46 Beacon joins a lengthier and lengthier list of what can most easily be categorised as ‘orthodox homosexual theatre’ – shows that tackle sexual anxieties of white men in a society where, though persecution can exist, it is never seen as a challenge or dangerous trait. The concept is, by 2017, somewhat worn – eclipsed entirely by the very important and pressing body of work that came out of genuine reactions to the AIDs crises and the resulting performances that came from these. As a result, plays like Beacon 46, in the same vein as the likes of Boys in the Band or even last year’s Four Play at Theatre503, becomes much more of a tiring affair – dabbling with issues that no longer seem all that engaging.
The play is stuffed with liminality – almost every issue in flux or facing transformation. We find ourselves in the Boston hotel room (not a permanent residence) of one Robert, a failing actor on the cusp of raging beyond his prime. He is courting the youthful Alan, a 16-year old still toying with his own sexuality, uncertain if he will ever find something solid in his personality. From there the two embark on a lengthy discussion punctuated by a black-out (implying ‘sex-has-occurred’) before another lengthy conversation continues. A simple, A-B, before-after formula. Anxieties rush through the 90-minute runtime – Robert about his career and relationship, Alan about his life as a gay man.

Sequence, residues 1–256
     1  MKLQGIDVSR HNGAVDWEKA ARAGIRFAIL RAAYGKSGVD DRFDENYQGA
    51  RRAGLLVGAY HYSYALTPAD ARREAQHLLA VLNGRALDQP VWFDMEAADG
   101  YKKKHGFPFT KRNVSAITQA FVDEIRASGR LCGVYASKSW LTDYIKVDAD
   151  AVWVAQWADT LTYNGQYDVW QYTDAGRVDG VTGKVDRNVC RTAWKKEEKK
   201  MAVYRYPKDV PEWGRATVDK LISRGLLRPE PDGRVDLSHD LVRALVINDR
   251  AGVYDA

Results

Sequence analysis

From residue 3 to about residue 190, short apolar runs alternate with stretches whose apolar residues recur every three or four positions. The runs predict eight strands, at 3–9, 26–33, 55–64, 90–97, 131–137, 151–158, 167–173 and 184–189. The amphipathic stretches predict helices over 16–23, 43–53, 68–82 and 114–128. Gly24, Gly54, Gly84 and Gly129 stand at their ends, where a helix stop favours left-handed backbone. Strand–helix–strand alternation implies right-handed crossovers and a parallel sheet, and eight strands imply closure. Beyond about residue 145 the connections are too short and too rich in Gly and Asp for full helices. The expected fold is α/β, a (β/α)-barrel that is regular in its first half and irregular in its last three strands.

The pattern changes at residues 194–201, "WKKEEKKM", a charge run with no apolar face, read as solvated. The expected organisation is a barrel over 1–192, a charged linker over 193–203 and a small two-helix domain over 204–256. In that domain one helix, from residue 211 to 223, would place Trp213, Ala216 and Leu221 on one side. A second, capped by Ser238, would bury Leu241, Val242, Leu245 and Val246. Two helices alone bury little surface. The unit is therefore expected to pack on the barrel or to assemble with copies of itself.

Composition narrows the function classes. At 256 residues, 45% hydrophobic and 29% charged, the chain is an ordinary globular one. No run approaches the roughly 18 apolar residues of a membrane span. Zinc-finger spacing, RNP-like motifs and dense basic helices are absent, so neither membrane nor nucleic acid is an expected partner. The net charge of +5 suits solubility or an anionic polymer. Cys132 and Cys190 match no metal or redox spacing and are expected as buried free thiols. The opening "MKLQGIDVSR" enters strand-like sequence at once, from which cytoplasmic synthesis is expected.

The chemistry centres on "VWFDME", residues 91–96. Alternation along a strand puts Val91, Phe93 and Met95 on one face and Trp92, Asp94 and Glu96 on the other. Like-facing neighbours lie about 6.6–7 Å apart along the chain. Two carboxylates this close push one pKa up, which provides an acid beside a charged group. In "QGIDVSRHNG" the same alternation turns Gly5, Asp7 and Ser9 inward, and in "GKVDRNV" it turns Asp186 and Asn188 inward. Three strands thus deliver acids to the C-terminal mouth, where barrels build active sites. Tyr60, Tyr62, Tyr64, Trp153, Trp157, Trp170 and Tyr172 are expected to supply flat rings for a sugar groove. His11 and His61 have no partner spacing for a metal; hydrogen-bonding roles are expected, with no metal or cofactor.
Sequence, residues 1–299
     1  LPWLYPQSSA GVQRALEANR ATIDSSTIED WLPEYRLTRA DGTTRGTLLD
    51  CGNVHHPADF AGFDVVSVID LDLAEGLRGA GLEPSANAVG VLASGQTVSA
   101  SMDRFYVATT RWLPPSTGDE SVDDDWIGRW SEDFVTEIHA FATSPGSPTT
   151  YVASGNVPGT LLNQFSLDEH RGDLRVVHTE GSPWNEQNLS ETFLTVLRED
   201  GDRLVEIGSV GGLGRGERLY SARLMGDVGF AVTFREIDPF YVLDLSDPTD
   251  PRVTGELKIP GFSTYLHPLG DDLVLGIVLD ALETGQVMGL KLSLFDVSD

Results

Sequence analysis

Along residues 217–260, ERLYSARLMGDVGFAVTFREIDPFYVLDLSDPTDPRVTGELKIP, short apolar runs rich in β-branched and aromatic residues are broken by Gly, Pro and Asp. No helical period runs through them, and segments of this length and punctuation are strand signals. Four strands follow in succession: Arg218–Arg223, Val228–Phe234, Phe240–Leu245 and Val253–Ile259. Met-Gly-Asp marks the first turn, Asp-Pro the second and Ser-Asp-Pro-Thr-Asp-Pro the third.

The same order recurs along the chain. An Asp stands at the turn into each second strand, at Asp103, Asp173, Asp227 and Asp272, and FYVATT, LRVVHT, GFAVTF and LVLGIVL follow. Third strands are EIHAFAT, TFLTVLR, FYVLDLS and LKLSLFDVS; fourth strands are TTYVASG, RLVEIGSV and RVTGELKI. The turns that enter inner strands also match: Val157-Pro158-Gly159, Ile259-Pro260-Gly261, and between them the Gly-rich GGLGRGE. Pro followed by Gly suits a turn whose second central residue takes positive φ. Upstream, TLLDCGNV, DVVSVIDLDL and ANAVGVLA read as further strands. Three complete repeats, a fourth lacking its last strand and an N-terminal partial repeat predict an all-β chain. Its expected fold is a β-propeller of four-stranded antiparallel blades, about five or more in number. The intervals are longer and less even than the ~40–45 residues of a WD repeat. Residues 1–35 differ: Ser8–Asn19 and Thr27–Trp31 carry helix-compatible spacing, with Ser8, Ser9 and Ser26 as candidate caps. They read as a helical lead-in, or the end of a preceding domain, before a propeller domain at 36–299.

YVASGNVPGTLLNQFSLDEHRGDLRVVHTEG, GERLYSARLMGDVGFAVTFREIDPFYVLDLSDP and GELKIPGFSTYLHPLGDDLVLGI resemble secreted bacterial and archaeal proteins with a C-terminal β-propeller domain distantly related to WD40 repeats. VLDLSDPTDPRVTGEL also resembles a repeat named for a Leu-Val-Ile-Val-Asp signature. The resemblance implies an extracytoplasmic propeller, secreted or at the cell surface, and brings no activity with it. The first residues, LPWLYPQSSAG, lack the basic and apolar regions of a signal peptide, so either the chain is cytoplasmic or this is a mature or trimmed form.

Jay Taylor finds an intriguing Robert among the reeds here – a clear narcissist stubbornly trying to battle the impending end to an unfulfilling career. A worn character coated with a slick veneer of a supposed leading-man. Oliver Coopersmith’s Alan fares less of the two – youthful naivety and awkwardness created quite a stilted and spondee-stuffed interpretation of the character.
For all this, it is Bill Rosenfield’s script that lacks the punch necessary to go beyond the orthodox. The two individuals leap from concept to concept with seeming spontaneity, decisions are made without rational decisions (Robert asks Alan to go, one minute later Robert asks Alan to stay – no reason is given). Alan’s issues regarding his sense of acceptance felt rushed, entirely shoehorned into the second ‘part’ of the show while never hinted towards in the first. Some more treatment may well have been useful here.
Fundamentally however, the show simply never felt all that necessary. This is homosexuality before the AIDs crisis – an artefact, a distant memory that can be entirely undone by the slightest anachronism (the reference to Tinder, therefore, felt entirely forced. At least Boys in the Band made its historical underpinnings funny. This is a recitation of a story that has been done better elsewhere, and now just seems worn. Perhaps a reflection of the experiences and opinions of this reviewer, but the reaction seemed justified nonetheless.